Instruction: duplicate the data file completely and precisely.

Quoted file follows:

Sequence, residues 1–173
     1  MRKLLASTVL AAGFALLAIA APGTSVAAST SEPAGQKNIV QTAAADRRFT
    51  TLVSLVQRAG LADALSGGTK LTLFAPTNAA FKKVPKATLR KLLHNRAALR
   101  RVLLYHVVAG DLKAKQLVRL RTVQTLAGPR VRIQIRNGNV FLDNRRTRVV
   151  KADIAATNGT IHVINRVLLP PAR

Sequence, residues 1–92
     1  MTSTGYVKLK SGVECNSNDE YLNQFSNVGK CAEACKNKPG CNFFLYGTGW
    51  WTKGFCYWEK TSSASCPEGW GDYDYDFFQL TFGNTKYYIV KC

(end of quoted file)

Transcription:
Sequence, residues 1–173
     1  MRKLLASTVL AAGFALLAIA APGTSVAAST SEPAGQKNIV QTAAADRRFT
    51  TLVSLVQRAG LADALSGGTK LTLFAPTNAA FKKVPKATLR KLLHNRAALR
   101  RVLLYHVVAG DLKAKQLVRL RTVQTLAGPR VRIQIRNGNV FLDNRRTRVV
   151  KADIAATNGT IHVINRVLLP PAR

Sequence, residues 1–92
     1  MTSTGYVKLK SGVECNSNDE YLNQFSNVGK CAEACKNKPG CNFFLYGTGW
    51  WTKGFCYWEK TSSASCPEGW GDYDYDFFQL TFGNTKYYIV KC